Sun 24 January 2021

Brexit is stoking an international trade crisis while exports are being pummelled by the pandemic, reports Sam Bright

Exports to the European Union fell by 13.5% in the months leading up to Brexit, new Government figures reveal.

Statistics released by the Department for International Trade (DIT) last week show that UK exports to the EU fell by £39.8 billion in the three months between July and September 2020 – from £294.9 billion in the equivalent period in the previous year to £255.1 billion this. Exports to EU countries currently account for 40.8% of all UK exports.

Meanwhile, total trade with the EU declined by a whopping 16.9%, or £112.5 billion, during the period.

Despite this economic shock, the UK has since signed a Brexit deal with the EU that has already caused disruption to trade and is expected to do more damage in the coming weeks.

Indeed, the Prime Minister’s trade deal with the EU creates a separate regime for Northern Ireland and the rest of the UK, with the former benefitting from closer customs arrangements with the continent. However, this process has effectively created a border down the Irish Sea, since the two territories are now governed by different rules.

This has already created problems. There are shortages of food at Northern Ireland supermarkets as suppliers struggle to navigate the new post-Brexit rules. Marks & Spencer alone has temporarily withdrawn more than 300 products in Northern Ireland. Other suppliers, meanwhile, have decided to entirely cease operations in Northern Ireland in the short-term “until the teething issues are sorted out”, the Road Haulage Association said.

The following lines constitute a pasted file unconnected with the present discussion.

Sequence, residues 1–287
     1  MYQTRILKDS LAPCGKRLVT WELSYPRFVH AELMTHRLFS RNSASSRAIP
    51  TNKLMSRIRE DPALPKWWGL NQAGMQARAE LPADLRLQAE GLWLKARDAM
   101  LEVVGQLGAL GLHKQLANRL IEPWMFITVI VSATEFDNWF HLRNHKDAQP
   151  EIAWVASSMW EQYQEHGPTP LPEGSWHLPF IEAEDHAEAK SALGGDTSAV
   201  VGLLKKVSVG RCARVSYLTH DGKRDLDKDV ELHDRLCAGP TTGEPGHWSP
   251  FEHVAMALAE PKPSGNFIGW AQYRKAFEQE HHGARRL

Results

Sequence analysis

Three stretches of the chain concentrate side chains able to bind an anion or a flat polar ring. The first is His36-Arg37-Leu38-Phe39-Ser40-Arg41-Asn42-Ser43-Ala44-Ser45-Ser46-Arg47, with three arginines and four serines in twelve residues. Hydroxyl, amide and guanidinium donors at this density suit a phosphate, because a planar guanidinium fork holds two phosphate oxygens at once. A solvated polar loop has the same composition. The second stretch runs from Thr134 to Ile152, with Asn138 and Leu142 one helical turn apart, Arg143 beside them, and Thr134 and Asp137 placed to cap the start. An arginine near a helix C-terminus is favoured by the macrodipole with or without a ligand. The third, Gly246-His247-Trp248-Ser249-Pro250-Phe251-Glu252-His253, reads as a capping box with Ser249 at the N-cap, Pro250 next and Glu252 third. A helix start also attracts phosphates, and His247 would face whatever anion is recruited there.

“There are customs experts with 30 years’ experience who are baffled by what the new regulations mean,” Stephen Phipson, CEO of manufacturing body Make UK told the BBC’s Lewis Goodall. “Let alone small or medium-sized businesses that have never had to deal with the kind of paperwork required.”

And it doesn’t look like things are set to improve imminently. Speaking last week, Cabinet Office Minister Michael Gove said that, while the Government was “ironing out” issues in the system, “things will get worse before they get better”.

Last week was a quiet one for many ports – as the deployment of stockpiles reduced the need to import goods. However, freight will begin flocking into harbour again this week, testing the UK’s decidedly ropey new systems.

As reported by Byline Times last week, a complex new VAT regime has caused many EU suppliers to stop trading in the UK altogether as they are unwilling and unable to absorb the costs of additional red tape. A Dutch company called Bike Bits described the policy change as “ludicrous” in a statement on its website.

This threatens to wreak havoc on supply chains that rely on the smooth exporting and importing of goods, supply chains that have already been severely disrupted during the Coronavirus pandemic – just ask French lorry drivers.

As the DIT statistics show, it is not just EU exports that have been hit during this crisis. Exports to non-EU countries also fell by 3.2% from July to the end of September – while total trade fell by 9.4% or £68.8 billion.

Byline Times asked the Government whether it was responsible to sign a Brexit deal that is expected to further disrupt trade between Europe and the UK, given these circumstances.

A spokesperson said: “The deal will help unlock investment and protect high-value jobs right across the UK, from financial services through to car manufacturing. And we will now take full advantage of the fantastic opportunities available to us as an independent trading nation, striking trade deals with other partners around the world.

“As with any major change there will be challenges and bumps to overcome. But we have laid the groundwork to minimise the disruption.”

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